My most memorable day at sea (John‘s story)

(This article won a writing competition organised by Saga and PBO, and we won a holiday in Egypt, courtesy of Saga holidays).

LEARNING TO LOVE SAILING

By

John Davison

It is a sad fact that many men sail alone. Their wives and girlfriends preferring the comforts of home to life spent at a crazy angle in a boat. That had been my experience. So when, in later life, I had a second chance with a new lady-friend who had never sailed before I was determined to make her first day out in my Elizabethan 29, Rally, a truly memorable occasion. I succeeded beyond my wildest dreams.

I kept Rally on a buoy in the river Mersey where the tides are funnelled in from the Irish Sea, reaching heights of 32 ft. I chose my day carefully and we drove to the slipway in early summer sunshine. The outboard started first time and we set off for the half mile journey to Rally.

Leaving the dinghy on the buoy, I was soon able to hoist sail and take Brenda downriver for a view of the famous waterfront.

Apart from some nervousness as we heeled over, Brenda seemed to be enjoying the sailing, the sunshine and the scenery. I kept my fingers crossed. I did not want her to take any part in the 'work' of sailing on this first occasion. I also wanted to show off my skills, so, returning to the mooring at slack tide I fixed an all round line from the bows to the cockpit and confidently went alongside, leaned over from the cockpit and clipped the line to the buoy. I then nonchalantly walked forward, pulling in the line as I went.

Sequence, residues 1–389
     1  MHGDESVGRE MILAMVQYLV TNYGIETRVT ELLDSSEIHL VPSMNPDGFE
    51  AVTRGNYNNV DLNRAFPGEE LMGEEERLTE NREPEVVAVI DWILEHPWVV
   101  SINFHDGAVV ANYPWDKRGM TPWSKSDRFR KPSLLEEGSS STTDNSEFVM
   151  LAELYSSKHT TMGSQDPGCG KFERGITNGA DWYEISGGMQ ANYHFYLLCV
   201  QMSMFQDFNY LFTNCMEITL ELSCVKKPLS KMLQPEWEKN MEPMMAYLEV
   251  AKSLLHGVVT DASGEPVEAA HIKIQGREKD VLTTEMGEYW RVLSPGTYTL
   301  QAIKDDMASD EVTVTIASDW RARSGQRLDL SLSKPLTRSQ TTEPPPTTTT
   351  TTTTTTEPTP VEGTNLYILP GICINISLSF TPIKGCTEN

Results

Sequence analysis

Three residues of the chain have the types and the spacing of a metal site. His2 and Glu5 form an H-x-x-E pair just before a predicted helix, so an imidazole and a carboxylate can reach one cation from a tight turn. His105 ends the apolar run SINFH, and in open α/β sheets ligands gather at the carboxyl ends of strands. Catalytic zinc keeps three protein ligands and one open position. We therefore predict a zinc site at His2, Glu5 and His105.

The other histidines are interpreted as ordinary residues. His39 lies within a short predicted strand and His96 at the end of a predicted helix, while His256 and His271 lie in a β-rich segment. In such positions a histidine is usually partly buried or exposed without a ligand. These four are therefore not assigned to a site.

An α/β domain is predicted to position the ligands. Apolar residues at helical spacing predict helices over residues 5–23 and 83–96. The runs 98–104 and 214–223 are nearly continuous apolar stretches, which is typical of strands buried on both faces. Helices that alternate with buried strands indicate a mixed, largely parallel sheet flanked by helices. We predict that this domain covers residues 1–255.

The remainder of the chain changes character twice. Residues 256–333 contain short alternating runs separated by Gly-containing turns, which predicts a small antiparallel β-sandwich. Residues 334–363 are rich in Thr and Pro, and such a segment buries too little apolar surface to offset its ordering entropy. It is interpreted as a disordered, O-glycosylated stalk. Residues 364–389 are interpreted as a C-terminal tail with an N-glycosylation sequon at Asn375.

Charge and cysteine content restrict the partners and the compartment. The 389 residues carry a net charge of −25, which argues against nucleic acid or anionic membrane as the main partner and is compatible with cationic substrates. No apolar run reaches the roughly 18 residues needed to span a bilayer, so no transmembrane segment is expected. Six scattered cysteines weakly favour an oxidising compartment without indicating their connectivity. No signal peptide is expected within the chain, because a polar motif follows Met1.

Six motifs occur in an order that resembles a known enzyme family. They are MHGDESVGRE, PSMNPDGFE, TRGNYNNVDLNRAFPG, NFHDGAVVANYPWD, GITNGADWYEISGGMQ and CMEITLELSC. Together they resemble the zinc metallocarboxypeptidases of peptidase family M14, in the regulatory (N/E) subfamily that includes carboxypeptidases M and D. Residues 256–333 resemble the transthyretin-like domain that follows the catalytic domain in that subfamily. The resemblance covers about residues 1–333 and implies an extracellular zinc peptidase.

My complacency was shattered by a scream and looking back I saw the dinghy alongside the boat, rapidly filling with water whilst Brenda was leaning over clutching the outboard motor in a frantic attempt to stop it disappearing altogether.

I rushed aft and succeeded in preventing the dinghy from sinking and straightened with a sigh of relief only to find that Rally was no longer attached to the buoy but had drifted along the trot of moorings where she was swept across the bows of another boat.

I had managed to keep my cool throughout this process and Brenda was very quiet. I am not sure whether this was a good or bad sign, and we still had to extricate ourselves. I was reluctant to put the engine in gear as I suspected that the painter might be round the propeller. I discovered later that the cause of our mishap was that the painter had caught on the log propeller, but that was no help to me now.

Our salvation came in the shape of a passing motorboat. An agile young man took our line then leapt onto the foredeck of the other boat and emptied the water from the dinghy and untangled the painter.

I was then able to motor back to the buoy and this time accepted Brenda's help in recovering the pick-up and after a couple of tries she succeeded in getting it aboard. I could see that by this time she was beginning to shake a little and I did speculate about my chances of even seeing her again, let alone getting her aboard a boat, and we still had to get back to shore.

The outboard refused to start. I cleaned the plugs and points without success and by now the tide was changing. My only option was to row, and row hard. The oars were only meant for emergencies and had been little used. They had fitted rowlocks and the fact that one of these didn't fit properly had never been a problem. It was now and the wretched thing came out of its socket as I hastily rowed inshore to get out of the tidal run.

“Put it back! Put it back!” I shouted, forgetting that boats and all things nautical were still a mystery to Brenda.

“Where do I put it?” she asked.

“In the rowlock, woman, where do you think?” I cried, with great forbearance (I thought).

The rowlock was replaced and the rest of my frantic row to the slipway passed in stony silence.

This might have been the end of a beautiful friendship but Brenda was sufficiently bitten by the sailing bug to forgive my outburst and to sail with me again.

We are now married and have another, larger boat in which we have sailed in Britain and abroad. Brenda has gained her International Certificate of Competence and I have gained a sailing partner.